Both the spices and the Romany come from the far East–the fatherland of divination and enchantment. The latter have been traced with tolerable accuracy, If we admit their affinity with the Indian Dom and Domar, back to the threshold of history, or well-nigh into prehistoric times, and in all ages they, or their women, have been engaged, as if by elvish instinct, in selling enchant. merits, peddling prophecies and palmistry, and dealing with the devil generally ill a small retail way.
As it was of old so it is to-day:
Ki shan i Romani– Adoi san’ i chov’hani.
Wherever gypsies go, There the witches are, we know.
It is no great problem ill ethnology or anthropology as to how gypsies became fortune-tellers. We may find a very curious illustration of it in the wren. This is apparently as humble, modest, prosaic little fowl as exists, and as far from mystery and wickedness as an old hen. But the ornithologists of the olden time, and the myth-makers, and the gypsies who lurked and lived in the forest, knew better.
They saw how this bright-eyed, strange little creature in her elvish way slipped in and out of hollow trees and wood shade into sunlight, and anon was gone, no man knew whither, and so they knew that it was an uncanny creature, and told wonderful tales of its deeds in human form, and to-day it is called by gypsies in Germany, as in England, the witch-bird, or more briefly, chorihani, “the witch.”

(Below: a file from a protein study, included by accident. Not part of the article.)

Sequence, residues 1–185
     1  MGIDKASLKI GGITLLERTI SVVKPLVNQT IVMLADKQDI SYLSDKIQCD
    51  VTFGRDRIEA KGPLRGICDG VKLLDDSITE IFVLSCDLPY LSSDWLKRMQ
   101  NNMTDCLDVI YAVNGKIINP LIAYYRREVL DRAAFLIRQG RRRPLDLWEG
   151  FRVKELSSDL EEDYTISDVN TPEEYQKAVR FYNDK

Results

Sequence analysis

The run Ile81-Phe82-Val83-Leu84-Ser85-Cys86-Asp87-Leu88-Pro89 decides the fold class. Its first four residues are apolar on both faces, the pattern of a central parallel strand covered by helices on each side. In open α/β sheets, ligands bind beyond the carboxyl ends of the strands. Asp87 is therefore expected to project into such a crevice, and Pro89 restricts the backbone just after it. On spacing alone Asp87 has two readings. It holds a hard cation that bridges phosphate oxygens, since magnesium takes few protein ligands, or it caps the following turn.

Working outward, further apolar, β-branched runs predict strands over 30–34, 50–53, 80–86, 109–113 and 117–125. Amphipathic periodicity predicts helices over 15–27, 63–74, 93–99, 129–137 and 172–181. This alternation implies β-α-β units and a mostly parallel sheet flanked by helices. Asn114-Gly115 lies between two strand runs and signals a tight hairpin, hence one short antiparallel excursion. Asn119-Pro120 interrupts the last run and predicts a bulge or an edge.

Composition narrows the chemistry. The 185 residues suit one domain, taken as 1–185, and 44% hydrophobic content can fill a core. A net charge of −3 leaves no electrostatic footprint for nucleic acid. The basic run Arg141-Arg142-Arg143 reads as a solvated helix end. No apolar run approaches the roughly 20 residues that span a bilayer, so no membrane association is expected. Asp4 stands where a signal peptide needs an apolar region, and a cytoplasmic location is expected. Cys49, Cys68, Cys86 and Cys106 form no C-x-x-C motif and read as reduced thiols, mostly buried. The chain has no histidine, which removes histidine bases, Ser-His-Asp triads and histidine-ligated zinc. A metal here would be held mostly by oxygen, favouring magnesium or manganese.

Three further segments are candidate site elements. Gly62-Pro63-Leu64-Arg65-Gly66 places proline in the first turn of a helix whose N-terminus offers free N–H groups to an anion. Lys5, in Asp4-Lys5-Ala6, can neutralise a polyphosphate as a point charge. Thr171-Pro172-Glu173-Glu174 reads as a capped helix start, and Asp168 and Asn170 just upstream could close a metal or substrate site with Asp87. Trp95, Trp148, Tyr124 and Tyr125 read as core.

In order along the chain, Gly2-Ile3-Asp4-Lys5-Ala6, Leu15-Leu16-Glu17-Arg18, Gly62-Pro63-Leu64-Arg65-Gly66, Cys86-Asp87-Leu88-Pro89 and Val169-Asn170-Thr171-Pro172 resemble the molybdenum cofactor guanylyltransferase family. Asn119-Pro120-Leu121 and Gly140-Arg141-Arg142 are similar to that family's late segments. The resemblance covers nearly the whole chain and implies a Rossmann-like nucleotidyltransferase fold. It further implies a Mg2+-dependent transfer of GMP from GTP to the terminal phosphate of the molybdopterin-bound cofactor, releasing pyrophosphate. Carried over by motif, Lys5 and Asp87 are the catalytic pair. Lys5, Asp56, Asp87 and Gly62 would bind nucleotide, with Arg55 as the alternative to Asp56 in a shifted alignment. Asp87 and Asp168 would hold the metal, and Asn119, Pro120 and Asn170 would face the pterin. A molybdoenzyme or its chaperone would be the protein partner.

Just so the gypsies themselves, with their glittering Indian eyes, slipping like the wren in and out of the shadow of the Unknown, and anon away and invisible, won for themselves the name which now they wear.
Wherever Shamanism, or the sorcery which is based on exorcising or commanding spirits, exists, its professors from leading strange lives, or from solitude or wandering, become strange and wild looking. When men have this appearance people associate with it mysterious power.
This is the case in Tartary, Africa, among the Eskimo, Lapps, or Red Indians, with all of whom the sorcerer, voodoo or medaolin, has the eye of the “fascinator,” glittering and cold as that of a serpent. So the gypsies, from the mere fact of being wanderers and out-of-doors livers in wild places, became wild-looking, and when asked if they did not associate with the devils who dwell in the desert places, admitted the soft impeachment, and being further questioned as to whether their friends the devils, fairies, elves, and goblins had not taught them how to tell the future, they pleaded guilty, and finding that it paid well, went to work in their small way to improve their “science,” and particularly their pecuniary resources. It was an easy calling; it required no property or properties, neither capital nor capitol, shiners nor shrines, wherein to work the oracle.
Some of these quotes are about Gypsies, some are by Gypsies. What they really show is how badly, inhumanly,and unfairly Gypsies were treated, as well as the strength they had to stand together and fight!